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Euclidean space

Every point in three-dimensional Euclidean space is determined by three coordinates.
In [mathematics] , Euclidean space is the [Euclidean plane] and [three-dimensional space] of [Euclidean geometry] , as well as the generalizations of these notions to [higher dimension] s. The term “Euclidean” is used to distinguish these spaces from the [curved space] s of [non-Euclidean geometry] and [Einstein's] [general theory of relativity] .

In classical [Greek geometry] , the Euclidean plane and Euclidean three-dimensional space were defined using certain [postulates] , and the other properties of these spaces were deduced as [theorem] s. In modern mathematics, it is more common to define Euclidean space using [Cartesian coordinates] and the ideas of [analytic geometry] . This approach brings the tools of [algebra] and [calculus] to bear on questions of geometry, and has the advantage that it generalizes easily to Euclidean spaces of more than three [dimension] s.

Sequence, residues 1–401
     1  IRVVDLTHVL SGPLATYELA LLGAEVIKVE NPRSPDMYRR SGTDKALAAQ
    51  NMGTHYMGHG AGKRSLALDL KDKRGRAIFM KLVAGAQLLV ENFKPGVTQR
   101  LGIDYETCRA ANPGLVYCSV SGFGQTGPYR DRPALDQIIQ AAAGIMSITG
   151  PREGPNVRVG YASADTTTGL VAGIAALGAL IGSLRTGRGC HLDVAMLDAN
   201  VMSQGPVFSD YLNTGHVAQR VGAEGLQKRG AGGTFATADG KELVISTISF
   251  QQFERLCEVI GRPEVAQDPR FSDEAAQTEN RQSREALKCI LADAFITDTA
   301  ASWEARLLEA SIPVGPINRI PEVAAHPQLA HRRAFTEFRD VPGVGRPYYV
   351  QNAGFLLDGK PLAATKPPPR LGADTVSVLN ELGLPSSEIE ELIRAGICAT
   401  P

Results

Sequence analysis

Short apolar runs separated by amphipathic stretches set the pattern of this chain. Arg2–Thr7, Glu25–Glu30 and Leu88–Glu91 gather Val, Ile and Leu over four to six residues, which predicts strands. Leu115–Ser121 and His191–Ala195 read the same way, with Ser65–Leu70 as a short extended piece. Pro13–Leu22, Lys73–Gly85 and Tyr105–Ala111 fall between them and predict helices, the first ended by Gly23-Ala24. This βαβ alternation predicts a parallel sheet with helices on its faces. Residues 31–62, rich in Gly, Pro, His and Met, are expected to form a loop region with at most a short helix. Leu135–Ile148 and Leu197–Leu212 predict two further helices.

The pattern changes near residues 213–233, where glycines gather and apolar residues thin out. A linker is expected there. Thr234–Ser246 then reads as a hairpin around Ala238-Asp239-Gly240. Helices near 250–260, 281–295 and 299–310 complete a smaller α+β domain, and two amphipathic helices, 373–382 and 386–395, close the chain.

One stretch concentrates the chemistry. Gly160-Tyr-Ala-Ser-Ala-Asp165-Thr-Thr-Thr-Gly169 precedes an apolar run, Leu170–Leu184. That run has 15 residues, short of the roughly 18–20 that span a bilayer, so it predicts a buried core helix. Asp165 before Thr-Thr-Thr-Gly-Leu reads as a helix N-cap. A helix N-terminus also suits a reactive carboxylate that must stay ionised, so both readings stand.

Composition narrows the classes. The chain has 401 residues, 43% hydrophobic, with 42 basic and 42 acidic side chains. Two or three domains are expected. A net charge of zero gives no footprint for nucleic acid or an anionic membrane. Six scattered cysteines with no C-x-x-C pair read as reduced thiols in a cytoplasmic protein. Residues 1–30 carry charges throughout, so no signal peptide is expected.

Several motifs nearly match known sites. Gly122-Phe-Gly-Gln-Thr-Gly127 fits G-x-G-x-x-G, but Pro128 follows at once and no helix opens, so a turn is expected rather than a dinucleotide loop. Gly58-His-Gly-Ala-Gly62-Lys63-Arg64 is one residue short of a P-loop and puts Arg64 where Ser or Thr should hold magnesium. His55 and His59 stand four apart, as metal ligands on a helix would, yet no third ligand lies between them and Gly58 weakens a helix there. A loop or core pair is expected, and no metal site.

From the modern viewpoint, there is essentially only one Euclidean space of each dimension. In dimension one this is the [real line] ; in dimension two it is the [Cartesian plane] ; and in higher dimensions it is the real [coordinate space] with three or more [real number] coordinates. Thus a [point] in Euclidean space is a [tuple] of real numbers, and distances are defined using the [Euclidean distance formula] . Mathematicians often denote the [''n''-dimensional] Euclidean space by \mathbb{R}^n, or sometimes \mathbb{E}^n if they wish to emphasize its Euclidean nature. Euclidian spaces have finite dimension.

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